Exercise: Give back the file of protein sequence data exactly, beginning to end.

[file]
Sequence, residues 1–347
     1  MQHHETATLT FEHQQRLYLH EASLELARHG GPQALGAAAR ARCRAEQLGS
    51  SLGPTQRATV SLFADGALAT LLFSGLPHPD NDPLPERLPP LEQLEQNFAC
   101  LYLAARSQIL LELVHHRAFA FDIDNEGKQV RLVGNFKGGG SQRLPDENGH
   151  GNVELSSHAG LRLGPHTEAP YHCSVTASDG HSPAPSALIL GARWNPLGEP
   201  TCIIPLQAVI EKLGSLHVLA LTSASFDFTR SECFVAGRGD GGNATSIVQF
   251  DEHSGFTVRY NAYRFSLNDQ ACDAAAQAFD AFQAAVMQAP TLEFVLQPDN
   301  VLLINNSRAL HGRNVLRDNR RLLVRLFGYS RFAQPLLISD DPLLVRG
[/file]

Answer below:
Sequence, residues 1–347
     1  MQHHETATLT FEHQQRLYLH EASLELARHG GPQALGAAAR ARCRAEQLGS
    51  SLGPTQRATV SLFADGALAT LLFSGLPHPD NDPLPERLPP LEQLEQNFAC
   101  LYLAARSQIL LELVHHRAFA FDIDNEGKQV RLVGNFKGGG SQRLPDENGH
   151  GNVELSSHAG LRLGPHTEAP YHCSVTASDG HSPAPSALIL GARWNPLGEP
   201  TCIIPLQAVI EKLGSLHVLA LTSASFDFTR SECFVAGRGD GGNATSIVQF
   251  DEHSGFTVRY NAYRFSLNDQ ACDAAAQAFD AFQAAVMQAP TLEFVLQPDN
   301  VLLINNSRAL HGRNVLRDNR RLLVRLFGYS RFAQPLLISD DPLLVRG